A similar situation existed when I arrived in Tucson. Redeemer enjoyed rapid growth in the early 2000s, expanding their pastoral staff to four full time men and daughtering a mission congregation. That came to an abrupt halt when the market corrected and the economy stalled in 2008. The so-called “Great Recession” hit Tucson hard. Housing starts stalled. Many who were upside-down on their mortgages were forced to sell at a loss and move to a new city for employment. The parish that had seen impressive growth was halved. By the end of 2011 all four pastors had taken calls away, leaving a once thriving congregation looking forlorn. Some were downright angry. And when you walked into church, you felt it. They needed time to heal. They weren’t ready for outreach.
“It’ll take five years before the congregation trusts me. We need time to heal.”
How do you change that? How do you change a congregation’s culture and prepare them for outreach? You make haste slowly. Just after I got to Tucson, I remember talking to a very faithful man. He was a retired businessman, and bored. He was so excited to have a pastor after an extended vacancy that he walked into my office and wrote me a blank check. “Anything you want, pastor, I will do it.” His noble enthusiasm was tempered by my curt response. “Jim, I accept your offer, but it’ll take five years before the congregation trusts me. We need time to heal.” He looked at me in disbelief! He was ready to go. Why didn’t the congregation share his enthusiasm?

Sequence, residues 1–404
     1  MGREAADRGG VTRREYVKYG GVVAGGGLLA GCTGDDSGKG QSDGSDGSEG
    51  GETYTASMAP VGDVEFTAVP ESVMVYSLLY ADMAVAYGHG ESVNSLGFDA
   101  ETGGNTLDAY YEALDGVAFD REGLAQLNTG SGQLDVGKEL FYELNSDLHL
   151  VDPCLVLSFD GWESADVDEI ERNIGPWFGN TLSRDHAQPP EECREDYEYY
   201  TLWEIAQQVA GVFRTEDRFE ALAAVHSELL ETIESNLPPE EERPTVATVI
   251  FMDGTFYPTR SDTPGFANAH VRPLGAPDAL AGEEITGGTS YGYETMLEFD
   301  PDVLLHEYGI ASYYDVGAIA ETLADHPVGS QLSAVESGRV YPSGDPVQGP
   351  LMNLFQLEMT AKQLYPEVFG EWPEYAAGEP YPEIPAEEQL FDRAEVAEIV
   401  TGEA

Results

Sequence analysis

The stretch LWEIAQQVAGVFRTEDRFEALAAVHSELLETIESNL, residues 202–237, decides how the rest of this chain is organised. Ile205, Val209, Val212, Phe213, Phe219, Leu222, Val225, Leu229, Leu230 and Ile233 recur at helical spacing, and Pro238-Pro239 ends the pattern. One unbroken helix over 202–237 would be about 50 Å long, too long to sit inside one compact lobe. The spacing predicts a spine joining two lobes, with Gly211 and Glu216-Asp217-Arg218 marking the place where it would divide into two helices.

The first thing we worked on was attendance. In Indiana, you always knew who was there; the numbers were smaller. Redeemer was at least five times larger than that parish. I was new and didn’t know anybody. Add to that Redeemer had no system of tracking attendance or differentiating members from guests. After about a year, I called Jim into my office. “I’m still getting to know the people, but it sure looks like we have a lot of outreach potential.” Outreach? He didn’t think so. Neither did many of the other leaders in the congregation. In the absence of accurate data, who really knew?
One of the tools we agreed to use early on was a Friendship Register. Leaders were dubious whether it would be embraced or be perceived as an intrusion. To avoid the latter impression, we came up with an idea. Rather than ask a serious looking usher in a blue blazer to hand them out, we assigned the task to four smiling children in elementary school. Even now we rarely get 100% to participate, but when a pigtailed little girl in a sundress hands you the register, even the most curmudgeonly will usually cooperate. It took time and patience, but eventually it caught on. After we collected attendance data for a season, we discovered that on any given Sunday 25% of the worshipers were non-member guests, either first time worshipers or repeat attenders. Leaders were stunned! We had a mission field right inside our chapel and no one had any idea!
When a pigtailed little girl in a sundress hands you the register, even the most curmudgeonly will usually cooperate.